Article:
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These articles were excerpted from Tapestry, a weekly newsletter that examines the arts and entertainment world in Charlotte and North Carolina.

This immersive show dispels the myths of Black swimming in Charlotte

Two people in dark with blue lights
Handout art
Left to right, actors Nasha Shandri and Sunnee Goodwin in the SwimCap production.

There are few better feelings on a hot summer day than dipping into the cool water of a pool or a lake — no matter the color of your skin.

The creators of a new immersive experience titled "SwimCap" hope to share that feeling with Charlotte audiences this weekend, and dispel the notion that swimming isn't for African Americans.

The small ensemble of actors began a rehearsal this week by taking deep breaths — the kind a swimmer might take before plunging into the deep end. And the actors in this new work by Mixed Metaphors Productions are taking a plunge.

The group's cofounder, K. Alana Jones, said the idea came from an African American swimming club in Charlotte.

"We thought it would be interesting to talk about debunking the myths of African Americans and swimming with proof that there are swim teams right here in Charlotte," she said.

Actors and production staff took that idea, and as a group, wrote and created a theatrical experience that puts a critical lens on the idea that swimming isn't for people of color. That idea is rooted in segregation and unequal access to pools, and it can be deadly. The Centers for Disease Control and Prevention, for example, says Black children ages 10 to 14 are almost four times as likely to drown as their white counterparts.

The work includes art pieces, an aerial performance and Charlotte history

Director and company co-founder Kat Martin said the show is based on real-life stories from actors and from Charlotte's past.

"You'll meet characters from three different time periods. You have someone from the 1920s, which is actually when the pools were segregated. You have someone from the 1960s, which is a very famous period of wade-ins, and then you have someone in contemporary times," she said.

In one scene, a young girl standing on the edge of the pool at Johnson C. Smith University conquers her fear with a push from her brother.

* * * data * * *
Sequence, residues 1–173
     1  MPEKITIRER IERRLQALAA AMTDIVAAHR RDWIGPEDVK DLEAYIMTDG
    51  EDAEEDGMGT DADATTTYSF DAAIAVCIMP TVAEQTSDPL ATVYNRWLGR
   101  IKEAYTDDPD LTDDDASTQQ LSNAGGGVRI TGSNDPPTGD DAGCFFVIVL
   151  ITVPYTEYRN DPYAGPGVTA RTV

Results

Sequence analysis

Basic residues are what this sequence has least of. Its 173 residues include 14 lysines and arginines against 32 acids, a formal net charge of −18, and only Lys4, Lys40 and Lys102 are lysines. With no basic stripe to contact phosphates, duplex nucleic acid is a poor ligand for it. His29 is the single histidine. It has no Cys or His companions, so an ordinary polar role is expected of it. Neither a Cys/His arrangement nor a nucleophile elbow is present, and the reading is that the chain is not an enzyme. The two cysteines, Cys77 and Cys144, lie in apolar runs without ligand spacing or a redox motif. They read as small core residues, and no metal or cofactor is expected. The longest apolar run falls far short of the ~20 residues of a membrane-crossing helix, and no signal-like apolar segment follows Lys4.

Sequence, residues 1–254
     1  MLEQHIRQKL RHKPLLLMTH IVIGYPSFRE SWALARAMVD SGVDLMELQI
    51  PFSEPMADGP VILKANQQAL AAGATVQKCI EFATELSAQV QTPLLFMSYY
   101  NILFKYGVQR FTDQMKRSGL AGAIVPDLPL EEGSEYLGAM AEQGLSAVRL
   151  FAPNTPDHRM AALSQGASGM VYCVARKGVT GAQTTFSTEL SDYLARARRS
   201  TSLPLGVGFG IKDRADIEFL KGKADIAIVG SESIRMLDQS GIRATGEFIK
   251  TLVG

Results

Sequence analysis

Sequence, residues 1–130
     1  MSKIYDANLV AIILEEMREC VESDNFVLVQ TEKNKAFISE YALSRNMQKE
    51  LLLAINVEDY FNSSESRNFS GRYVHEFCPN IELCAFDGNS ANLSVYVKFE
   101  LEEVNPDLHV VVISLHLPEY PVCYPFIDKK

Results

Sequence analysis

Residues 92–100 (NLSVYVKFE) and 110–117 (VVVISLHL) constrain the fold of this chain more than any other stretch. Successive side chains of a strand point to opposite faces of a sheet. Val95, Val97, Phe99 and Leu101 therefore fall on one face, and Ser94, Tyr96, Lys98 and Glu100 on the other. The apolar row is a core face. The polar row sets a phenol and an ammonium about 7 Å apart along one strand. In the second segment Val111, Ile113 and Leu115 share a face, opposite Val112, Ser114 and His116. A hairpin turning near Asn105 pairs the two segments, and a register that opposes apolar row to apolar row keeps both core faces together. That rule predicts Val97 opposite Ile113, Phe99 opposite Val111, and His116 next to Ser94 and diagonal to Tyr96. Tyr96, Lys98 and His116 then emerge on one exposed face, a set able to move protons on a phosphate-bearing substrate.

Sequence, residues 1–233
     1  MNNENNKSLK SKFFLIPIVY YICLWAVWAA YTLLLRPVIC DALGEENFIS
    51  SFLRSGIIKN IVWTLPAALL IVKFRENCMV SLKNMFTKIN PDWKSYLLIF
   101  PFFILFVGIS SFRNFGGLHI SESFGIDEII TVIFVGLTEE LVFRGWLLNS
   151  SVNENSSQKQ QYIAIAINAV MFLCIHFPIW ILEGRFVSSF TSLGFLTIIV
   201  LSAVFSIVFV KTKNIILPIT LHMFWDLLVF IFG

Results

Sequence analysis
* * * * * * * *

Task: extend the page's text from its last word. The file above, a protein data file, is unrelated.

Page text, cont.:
"Splish! My dive was perfect! It was tens across the board!" she exclaims.

In another scene, a woman recalls dipping into the cool water of a community pool as a child in the early 1900s.

"I felt weightless. All the tension I had carried all my life melted away," she says.

Because the show is immersive, audiences will move — or let's say swim — through uptown's Grace AME Zion Church to hear from characters and view a related aerial performance and art installations.

One art piece includes the voices and images from Charlotte's Evolutionary Aquatics swim club, which inspired the piece. Brandon King said he and his wife learned to swim with the club about a year ago.

"My wife and I enjoyed it so much that we actually became instructors," he said.

They and others gave recorded interviews to production staff and their pictures will appear in a collage of pool tiles.

"So we'll be a part of the exhibition," he said.

The show is partly based on actors' real-life stories

Actor Nasha Shandri said she joined the project in part because of the subject it tackles.

"I personally can't swim," she said, "so I thought this would be great for me to overcome my fear of swimming and the water if I had more of a logical understanding."

She's still learning but said the production has helped her rethink swimming as an African American.

"Because a lot of times it's psychological. If you think that's something that you can't do, you sort of stray away from it, or you build this invisible barrier, so that can be a learning curve too, and that's what I think it was with me," she said.

Fellow actor Sunnee Goodwin said the project feels especially personal to her because of her character, Martha Jean.

"My character's name is my mother's name, so it's in honor of my mother," she said.

Goodwin said her monologue is based on her own life experiences, like getting baptized in Charlotte's Clear Creek.

"When it's real like that, it's kind of like — you're vulnerable with it, and it's like, okay, can I trust giving this out?" she said.

Actor Ceci McNeill said by setting the record straight that swimming has been a part of Black culture for generations, she hopes more people will try it out.

"You might like it, you might love it, you may be a natural at it, you have to work at it, but definitely go out here and try new things, and don't be scared," she said.

Audiences hoping to take the dive will have limited time to do so. Shows run Friday through Sunday, Aug. 18 - 20. Tickets are $20 on Eventbrite.

WFAE's weekly arts and entertainment email newsletter, Tapestry, will keep you in the loop on arts and culture in the Charlotte region.

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Nick de la Canal is an on air host and reporter covering breaking news, arts and culture, and general assignment stories. His work frequently appears on air and online. Periodically, he tweets: @nickdelacanal